One of my favorite movie scenes of all time is in Jaws, when Quint, Hooper and Chief Brody (no relation) are sitting below decks in an old boat, comparing their scars. A very similar scene is regularly played out among actors in green rooms, backstage hallways, and post-show parties throughout show business. Subject: the jobs that left scars; and we’ve all had ‘em.
There are a few types of jobs that, actors uniformly agree, cut the deepest. They either embarrass or degrade; they stoop, are dangerous or simply artless. You do them because they pay well, or you think they’ll be fun, or they offer travel, or you owe someone a favor, or – most often – you have no idea how painful it’s going to be until you show up. The job selling tampons, for example; or a voiceover for politics you may or may not support; kids’ parties, animal antics, terrible locations etc.
When comparing scars and trumping one another’s’ worst experiences, revered is the actor who has done what we affectionately call “pod jobs.”
A pod job describes work done in a pod costume – like cartoon characters and sport mascots. They vary a lot from character to character but usually include a large headpiece, from which you look out one of the characters’ orifices – usually their mouth. The body is some combination of a fuzzy fabric, wire and mesh. Your feet are affixed into enormous foam shoes, your hands in proportionately enormous foam gloves. It is, in many ways, an adorable coffin.
Among my first performing jobs ever, in fact, was a pod job when I was about 14. A friend of my mother helped to book touring entertainers in my tiny Wisconsin hometown and she once had a family-friendly band on the docket whose namesake was a giant, dancing Panda Bear. They gave me $30 to wear the pod and dance and crowd-please throughout the show. It was the hottest, pukiest, scariest job I’d ever had and I almost died.
When in a pod costume, you can neither fully see nor feel the world around you. You can neither see nor hear the little darling who was just dared to knock your big head around backwards. You can not escape, and the sweat that is rolling down your face and into your eyes and mouth is not just your own, but the condensed sweat of many strangers who wore this head before you.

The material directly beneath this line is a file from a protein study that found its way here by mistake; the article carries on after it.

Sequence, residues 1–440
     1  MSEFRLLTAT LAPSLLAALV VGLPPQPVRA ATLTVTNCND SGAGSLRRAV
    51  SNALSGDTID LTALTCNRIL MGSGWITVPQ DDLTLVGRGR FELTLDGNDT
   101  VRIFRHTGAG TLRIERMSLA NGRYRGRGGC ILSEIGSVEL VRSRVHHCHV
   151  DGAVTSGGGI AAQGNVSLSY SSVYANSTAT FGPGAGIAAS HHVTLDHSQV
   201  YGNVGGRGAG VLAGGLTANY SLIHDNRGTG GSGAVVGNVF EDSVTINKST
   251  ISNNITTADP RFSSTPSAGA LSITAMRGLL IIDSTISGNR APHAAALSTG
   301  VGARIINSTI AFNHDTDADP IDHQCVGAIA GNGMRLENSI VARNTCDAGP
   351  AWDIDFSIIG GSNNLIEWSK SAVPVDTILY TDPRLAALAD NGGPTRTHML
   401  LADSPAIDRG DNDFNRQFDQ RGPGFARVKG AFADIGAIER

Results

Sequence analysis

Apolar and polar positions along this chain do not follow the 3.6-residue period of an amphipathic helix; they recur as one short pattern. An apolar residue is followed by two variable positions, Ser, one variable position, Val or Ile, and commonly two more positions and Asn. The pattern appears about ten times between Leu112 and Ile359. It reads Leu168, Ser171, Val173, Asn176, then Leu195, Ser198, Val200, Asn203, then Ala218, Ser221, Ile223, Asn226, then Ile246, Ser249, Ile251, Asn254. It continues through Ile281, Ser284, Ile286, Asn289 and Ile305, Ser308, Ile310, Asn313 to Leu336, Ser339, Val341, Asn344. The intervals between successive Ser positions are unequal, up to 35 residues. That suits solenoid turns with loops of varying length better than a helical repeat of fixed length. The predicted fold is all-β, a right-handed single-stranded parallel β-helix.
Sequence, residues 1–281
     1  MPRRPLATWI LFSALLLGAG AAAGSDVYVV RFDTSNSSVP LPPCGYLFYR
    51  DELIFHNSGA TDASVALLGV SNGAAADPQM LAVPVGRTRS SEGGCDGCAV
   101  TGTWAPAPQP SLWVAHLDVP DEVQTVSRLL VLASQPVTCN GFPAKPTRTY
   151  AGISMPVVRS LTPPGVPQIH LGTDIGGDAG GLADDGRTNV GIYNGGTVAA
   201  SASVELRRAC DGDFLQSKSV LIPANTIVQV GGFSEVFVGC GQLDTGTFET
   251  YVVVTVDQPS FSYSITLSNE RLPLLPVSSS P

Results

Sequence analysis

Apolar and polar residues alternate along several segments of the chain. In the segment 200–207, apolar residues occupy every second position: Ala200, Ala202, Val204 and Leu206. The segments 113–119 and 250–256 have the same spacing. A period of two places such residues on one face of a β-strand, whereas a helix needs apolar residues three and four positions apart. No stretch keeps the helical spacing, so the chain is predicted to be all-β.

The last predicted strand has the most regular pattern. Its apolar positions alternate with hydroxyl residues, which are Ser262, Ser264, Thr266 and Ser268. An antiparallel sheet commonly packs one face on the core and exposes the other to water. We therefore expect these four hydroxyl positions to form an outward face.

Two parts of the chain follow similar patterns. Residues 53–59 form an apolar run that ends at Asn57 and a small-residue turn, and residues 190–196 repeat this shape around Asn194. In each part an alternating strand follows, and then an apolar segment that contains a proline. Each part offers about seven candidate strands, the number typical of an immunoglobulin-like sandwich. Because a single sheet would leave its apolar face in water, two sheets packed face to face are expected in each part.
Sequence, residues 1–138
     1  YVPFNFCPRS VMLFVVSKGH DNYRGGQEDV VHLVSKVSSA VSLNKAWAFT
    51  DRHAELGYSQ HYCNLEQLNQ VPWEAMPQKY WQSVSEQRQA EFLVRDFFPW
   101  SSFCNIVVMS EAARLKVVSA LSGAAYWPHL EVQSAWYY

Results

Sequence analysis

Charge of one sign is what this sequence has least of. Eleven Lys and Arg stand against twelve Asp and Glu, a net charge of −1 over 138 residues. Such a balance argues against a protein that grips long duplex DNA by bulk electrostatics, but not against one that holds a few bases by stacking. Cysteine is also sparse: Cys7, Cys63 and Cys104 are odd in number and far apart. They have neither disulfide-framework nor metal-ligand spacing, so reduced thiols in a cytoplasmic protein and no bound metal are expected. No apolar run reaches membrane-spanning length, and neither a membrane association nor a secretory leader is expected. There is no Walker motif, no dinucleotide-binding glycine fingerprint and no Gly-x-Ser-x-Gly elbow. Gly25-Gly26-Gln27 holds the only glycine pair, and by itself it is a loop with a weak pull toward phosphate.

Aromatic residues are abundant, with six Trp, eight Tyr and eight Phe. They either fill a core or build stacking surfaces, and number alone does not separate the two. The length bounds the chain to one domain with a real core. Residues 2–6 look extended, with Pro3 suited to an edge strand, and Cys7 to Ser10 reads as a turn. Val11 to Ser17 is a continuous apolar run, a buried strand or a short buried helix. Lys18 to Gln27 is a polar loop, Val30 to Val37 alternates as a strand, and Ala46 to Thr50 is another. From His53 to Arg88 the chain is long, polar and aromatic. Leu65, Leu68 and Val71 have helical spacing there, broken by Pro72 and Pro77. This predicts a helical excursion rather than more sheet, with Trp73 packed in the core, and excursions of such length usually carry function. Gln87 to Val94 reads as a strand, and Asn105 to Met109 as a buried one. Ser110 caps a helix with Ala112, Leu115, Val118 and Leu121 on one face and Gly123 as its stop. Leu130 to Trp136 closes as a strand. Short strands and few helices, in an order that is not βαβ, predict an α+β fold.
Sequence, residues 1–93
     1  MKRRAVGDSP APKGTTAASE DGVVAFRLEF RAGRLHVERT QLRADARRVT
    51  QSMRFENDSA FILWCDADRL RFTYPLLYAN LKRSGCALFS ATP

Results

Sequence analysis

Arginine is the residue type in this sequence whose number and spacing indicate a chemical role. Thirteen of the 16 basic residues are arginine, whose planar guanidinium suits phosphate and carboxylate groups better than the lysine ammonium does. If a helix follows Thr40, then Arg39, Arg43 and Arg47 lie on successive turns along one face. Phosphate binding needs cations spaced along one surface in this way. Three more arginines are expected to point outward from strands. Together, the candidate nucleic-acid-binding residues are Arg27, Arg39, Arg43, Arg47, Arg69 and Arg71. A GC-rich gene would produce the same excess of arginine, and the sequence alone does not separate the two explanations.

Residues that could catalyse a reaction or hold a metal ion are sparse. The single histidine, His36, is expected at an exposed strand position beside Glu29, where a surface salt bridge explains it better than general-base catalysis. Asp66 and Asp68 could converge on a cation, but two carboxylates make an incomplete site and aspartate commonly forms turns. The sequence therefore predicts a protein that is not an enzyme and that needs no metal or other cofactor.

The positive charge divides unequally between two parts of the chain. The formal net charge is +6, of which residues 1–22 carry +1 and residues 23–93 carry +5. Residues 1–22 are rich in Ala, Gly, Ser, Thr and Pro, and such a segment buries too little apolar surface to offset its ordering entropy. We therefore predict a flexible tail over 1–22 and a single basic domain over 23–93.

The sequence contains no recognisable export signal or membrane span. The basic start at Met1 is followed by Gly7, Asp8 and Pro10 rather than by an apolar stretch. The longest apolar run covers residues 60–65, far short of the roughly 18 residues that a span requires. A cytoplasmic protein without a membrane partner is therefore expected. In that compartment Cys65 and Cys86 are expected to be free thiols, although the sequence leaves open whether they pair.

To be fair, pod jobs are not always that terrible. Responsible organizations ensure that actors only work in 15-20 minute increments and have handlers to both help them move around and deflect the public. When the primary discomforts of pod jobs are alleviated by responsible practices, one is still left with the sheer absurdity of it.
Particularly absurd was a pod job I had in 2003, when, for one day, I was none other than the Easter Bunny for Macy’s on the Nicollet Mall in Minneapolis. The usual bunny needed a last-minute replacement, and I was exactly her size, to the inch. And as pod-pros will tell you, being the right size is really job-one for employment.
I was quickly instructed on how to move realistically like a cartoon. They showed me how, in the pod, to appear as if I was giggling, blowing kisses, or looking shy. It was demonstrated that what was my waist was the Bunny’s leg. What was my ear, was the Bunny’s neck, etc.
Above all, I was told, the pod actor must never speak. I don’t know what the Easter Bunny sounds like any more than the next guy, but the children certainly know it isn’t my Joan Jett of a voice.
“They cry less when you don’t speak.” I was told.
But the absurdity didn’t stop there. At the time, a block away, I was performing eight shows a week in Hey City Theater’s production of Tony n’ Tina’s Wedding. Several other actors from my cast were also working in pods at Macy’s that day. The money was good, many of us had the same agent, and there were daytime hours available before the show.
There can be only one Easter Bunny at a time (same rules as Santa) and others were all playing a variety of barnyard and forest animals - the presumed buddies of the Bunny. The woman playing Tina in Tony n’ Tina’s Wedding, for example – who was on billboards and skyway posters around the state, who would in only a matter of hours be wearing a full wedding gown and entertaining hundreds – was a squirrel. The guy playing Barry, the best man in the wedding, was a moose on roller-skates. I would have had no way of recognizing who they were, of course, were it not for the frequent intervals in which we all sat in the warehouse break room toweling off, guzzling water, and holding our enormous heads in our laps.
At the climax of the day, The Easter Bunny and all of her animal colleagues emerge from Macy’s onto Nicollet Mall – which has been covered in real grass – for the Easter egg roll. Through two square-shaped holes, I suddenly found myself hugging the mayor, and blowing kisses (from my forehead) to thousands of people. And then a horn blew and I’m suddenly among my very talented friends and approximately 100 children, pushing eggs through tall grass, unable to hear, see or feel the world around me Was that an eight year-old’s leg I just stepped on, or a piece of electric cord under tape? No way to know. Were they screaming in delight or terror? Hard to say.
What felt like an eternity later, my two handlers clutched my giant foam fingers and hefted me through the adoring crowd and back to the concrete slab and chicken wire break room I had grown to love.
That night I drove home soaked with sweat and feeling a bit like Hunter S. Thompson. The job paid a lot and now I understood why. It sucked a lot. I knew this too: this is probably what the pros call “your dues” and I was glad to pay them.
What I didn’t know was that it was far from the last time I would pay my rent as an actor by doing something utterly absurd. Like the time I stood next to a urine-caked snow bank for two hours in 20 degree weather dressed as the Statue of Liberty and waving at traffic… But that’s another story.